Here’s where Tesla’s relative inexperience bubbles to the surface. This is steering by CGI – horrid mismatched feedback and synthetic weighting does little to inspire confidence given how quickly the car can vault forward. It has the grabbiest brakes, though like the Leaf you can dial up the re-gen and treat it as a one-pedal car if you can stand the shame of your brake-lights illuminating more often than a L-plated Corsa’s.
With the VW and the Nissan, you’re not just paying for an EV – you’re getting the peace of mind that comes with building millions of cars a year, and not one of them in a tent. Tesla has a world-class product here, but I wish it’d spend less time on the gimmicks and concentrate on quality. This car’s tracking was like Fox News. Inaccurate, and
alarmingly right of centre.
No, fit and finish is not cool. It won’t harvest Likes like the built-in Mario Kart and arcade games. But quality builds reputations. Though is Tesla a brand worried about customer loyalty? It’s a cult. I’m writing this from a witness protection safehouse.
As if to prove a point, Nissan sent a 10,000-mile Leaf into battle here, steering wheel buffed to a high sheen but otherwise wearing well. This is what the future of EVs would look like if Tesla hadn’t erupted onto the scene and gone viral with its Californian upstarts. The Leaf seems so flat-footed, so traditional. Caught on the hop like a Sony Walkman shelved next to an iPod. Standard Nissan really. As per the Qashqai and the GT-R, the Leaf failed to convert a lightbulb moment into an impeachable empire.
Same goes for BMW’s i cars. And the Renault Zoe, and even the adorable Honda e. They’re all one-off outposts. VW wants – needs – the ID family to be a heartland, volume-selling, stack’em-high household name. So there’ll be many more to choose from than this 1st Edition.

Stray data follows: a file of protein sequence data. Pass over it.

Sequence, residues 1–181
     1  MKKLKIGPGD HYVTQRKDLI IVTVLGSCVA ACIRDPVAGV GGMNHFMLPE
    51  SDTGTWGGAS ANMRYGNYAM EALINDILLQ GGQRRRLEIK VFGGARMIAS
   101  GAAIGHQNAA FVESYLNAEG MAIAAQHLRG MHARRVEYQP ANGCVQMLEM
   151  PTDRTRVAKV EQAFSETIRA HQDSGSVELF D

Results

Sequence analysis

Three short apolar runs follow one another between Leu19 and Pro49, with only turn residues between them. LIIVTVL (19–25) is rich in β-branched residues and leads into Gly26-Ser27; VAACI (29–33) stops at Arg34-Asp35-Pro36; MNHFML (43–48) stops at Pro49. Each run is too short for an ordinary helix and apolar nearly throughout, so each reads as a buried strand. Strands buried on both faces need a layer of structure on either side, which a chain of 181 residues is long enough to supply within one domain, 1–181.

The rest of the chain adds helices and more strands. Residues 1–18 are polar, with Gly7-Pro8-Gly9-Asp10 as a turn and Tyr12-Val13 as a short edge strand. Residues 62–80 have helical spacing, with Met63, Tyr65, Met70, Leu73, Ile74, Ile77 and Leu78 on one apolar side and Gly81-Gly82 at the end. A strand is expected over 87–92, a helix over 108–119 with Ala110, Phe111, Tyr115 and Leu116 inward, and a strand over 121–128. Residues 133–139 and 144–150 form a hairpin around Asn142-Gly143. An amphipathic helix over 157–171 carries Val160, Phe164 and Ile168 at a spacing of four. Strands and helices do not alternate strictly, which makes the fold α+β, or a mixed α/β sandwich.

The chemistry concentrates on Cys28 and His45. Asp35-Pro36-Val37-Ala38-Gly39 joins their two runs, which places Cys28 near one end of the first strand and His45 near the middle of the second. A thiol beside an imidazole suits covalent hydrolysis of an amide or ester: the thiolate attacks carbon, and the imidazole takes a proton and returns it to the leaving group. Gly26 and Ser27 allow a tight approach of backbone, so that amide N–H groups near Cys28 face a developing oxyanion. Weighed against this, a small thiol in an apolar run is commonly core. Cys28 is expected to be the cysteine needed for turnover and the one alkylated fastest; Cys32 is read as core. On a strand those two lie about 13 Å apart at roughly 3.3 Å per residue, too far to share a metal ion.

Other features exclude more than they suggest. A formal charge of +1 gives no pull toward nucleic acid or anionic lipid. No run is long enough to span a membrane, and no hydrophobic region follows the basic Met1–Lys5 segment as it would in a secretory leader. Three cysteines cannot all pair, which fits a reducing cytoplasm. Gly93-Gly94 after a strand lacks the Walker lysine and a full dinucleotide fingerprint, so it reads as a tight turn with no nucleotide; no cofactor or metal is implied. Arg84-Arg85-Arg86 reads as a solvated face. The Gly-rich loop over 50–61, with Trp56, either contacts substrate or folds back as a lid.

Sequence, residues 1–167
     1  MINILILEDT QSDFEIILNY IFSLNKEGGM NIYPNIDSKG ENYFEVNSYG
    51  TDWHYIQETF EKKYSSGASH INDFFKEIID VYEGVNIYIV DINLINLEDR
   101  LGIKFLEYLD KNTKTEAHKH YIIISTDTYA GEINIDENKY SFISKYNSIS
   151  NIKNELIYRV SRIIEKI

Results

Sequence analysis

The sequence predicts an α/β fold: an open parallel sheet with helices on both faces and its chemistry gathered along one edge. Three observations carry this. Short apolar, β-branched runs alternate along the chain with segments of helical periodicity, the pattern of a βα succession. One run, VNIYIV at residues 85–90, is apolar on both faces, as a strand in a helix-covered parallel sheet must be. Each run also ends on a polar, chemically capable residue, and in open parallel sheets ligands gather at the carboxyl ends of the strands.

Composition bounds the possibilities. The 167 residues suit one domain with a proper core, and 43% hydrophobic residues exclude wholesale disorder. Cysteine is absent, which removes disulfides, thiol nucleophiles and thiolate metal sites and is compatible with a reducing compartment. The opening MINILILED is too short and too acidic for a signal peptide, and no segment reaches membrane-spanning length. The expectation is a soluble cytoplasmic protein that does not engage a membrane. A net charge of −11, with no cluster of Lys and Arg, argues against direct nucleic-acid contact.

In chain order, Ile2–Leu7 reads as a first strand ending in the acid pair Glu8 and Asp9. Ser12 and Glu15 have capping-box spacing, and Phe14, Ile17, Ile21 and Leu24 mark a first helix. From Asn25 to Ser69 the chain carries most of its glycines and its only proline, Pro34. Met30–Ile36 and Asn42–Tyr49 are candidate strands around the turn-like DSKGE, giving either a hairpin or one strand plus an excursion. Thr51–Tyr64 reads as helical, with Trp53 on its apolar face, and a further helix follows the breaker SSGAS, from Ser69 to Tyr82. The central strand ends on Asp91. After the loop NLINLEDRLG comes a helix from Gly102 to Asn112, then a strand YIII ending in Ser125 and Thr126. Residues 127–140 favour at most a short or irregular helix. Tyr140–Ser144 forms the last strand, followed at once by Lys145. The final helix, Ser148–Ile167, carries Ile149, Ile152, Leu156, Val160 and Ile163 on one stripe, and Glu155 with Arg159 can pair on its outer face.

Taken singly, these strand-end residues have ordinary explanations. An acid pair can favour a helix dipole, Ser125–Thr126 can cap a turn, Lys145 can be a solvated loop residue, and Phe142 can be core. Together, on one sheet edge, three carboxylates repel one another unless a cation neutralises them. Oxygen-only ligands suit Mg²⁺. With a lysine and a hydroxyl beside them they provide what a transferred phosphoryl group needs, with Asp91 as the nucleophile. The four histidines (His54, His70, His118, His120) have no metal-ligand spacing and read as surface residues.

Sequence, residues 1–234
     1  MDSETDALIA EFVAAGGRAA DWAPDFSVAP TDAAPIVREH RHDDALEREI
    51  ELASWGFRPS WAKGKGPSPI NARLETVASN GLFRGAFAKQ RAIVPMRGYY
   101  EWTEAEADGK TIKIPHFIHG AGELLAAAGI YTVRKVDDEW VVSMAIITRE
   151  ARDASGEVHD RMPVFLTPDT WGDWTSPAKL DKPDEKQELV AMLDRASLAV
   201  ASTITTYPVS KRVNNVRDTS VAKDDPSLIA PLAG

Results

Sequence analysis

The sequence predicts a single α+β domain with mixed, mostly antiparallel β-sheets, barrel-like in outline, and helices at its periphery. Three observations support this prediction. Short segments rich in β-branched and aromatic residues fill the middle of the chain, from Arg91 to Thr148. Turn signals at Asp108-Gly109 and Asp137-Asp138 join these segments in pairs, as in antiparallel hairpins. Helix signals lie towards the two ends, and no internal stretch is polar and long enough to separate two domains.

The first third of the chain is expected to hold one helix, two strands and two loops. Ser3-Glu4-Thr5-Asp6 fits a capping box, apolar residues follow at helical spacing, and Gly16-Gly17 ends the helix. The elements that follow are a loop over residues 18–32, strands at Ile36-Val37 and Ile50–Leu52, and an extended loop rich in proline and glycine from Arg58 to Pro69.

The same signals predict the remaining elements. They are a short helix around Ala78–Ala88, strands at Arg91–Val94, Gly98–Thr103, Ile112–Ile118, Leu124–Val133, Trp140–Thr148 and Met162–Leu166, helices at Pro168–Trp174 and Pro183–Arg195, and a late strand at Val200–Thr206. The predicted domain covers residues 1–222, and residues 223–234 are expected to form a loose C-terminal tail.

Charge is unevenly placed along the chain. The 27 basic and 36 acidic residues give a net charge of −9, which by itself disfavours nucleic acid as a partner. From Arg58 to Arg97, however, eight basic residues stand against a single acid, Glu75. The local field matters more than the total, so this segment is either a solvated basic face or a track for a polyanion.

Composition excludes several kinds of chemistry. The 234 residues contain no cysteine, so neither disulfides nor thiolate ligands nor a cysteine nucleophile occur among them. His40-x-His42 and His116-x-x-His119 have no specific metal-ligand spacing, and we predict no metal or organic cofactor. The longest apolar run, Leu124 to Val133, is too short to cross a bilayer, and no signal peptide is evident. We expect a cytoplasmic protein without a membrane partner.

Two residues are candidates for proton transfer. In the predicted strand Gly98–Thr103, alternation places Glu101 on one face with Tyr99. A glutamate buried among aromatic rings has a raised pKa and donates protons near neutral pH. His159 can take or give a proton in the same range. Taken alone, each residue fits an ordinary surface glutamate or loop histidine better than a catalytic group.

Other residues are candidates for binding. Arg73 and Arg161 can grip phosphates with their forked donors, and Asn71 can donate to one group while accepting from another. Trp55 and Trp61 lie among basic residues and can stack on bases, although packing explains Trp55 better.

This will become the middling model, between 45kWh and 77kWh versions. Prices will match a well-specced Golf, spreading from £30k-£40k, where Tesla life begins. You’ll be financing them of course, and the feature-packed Tesla (albeit shorn of the needless £6,800 Full Self-Driving Package, which is nothing of the sort), is temptingly within reach.
Each have three grand shaved off the RRP by the government. Nissan will shill £500 of your £5k deposit, and this range-topping Leaf is yours for £445 a month. On the same terms (10,000 miles a year, 36 payments) the VW is cheapest at £425 and the Tesla way off over six hundred. If you’re happy just to lease it, the Tesla’s payments dip to £450 a month. This is the iPhone of cars after all. In 2024 you’ll be due an upgrade.
Here and now, Model 3 is the best EV. It’s the least hamstrung device. That efficiency and charging network offer valuable peace of mind. VW’s quest not to rock the boat has, very deliberately, resulted in a better product than Nissan’s honourably sensible but forgettable Leaf, but one that’s failed to bravely take the fight to Tesla’s front door. It’s a good car, the ID3, but a pulled punch. It’ll probably be pretty nice to live with, once you’ve accepted the unhelpful interior. Somehow, we expected more – a new benchmark.
Photography: Jonny Fleetwood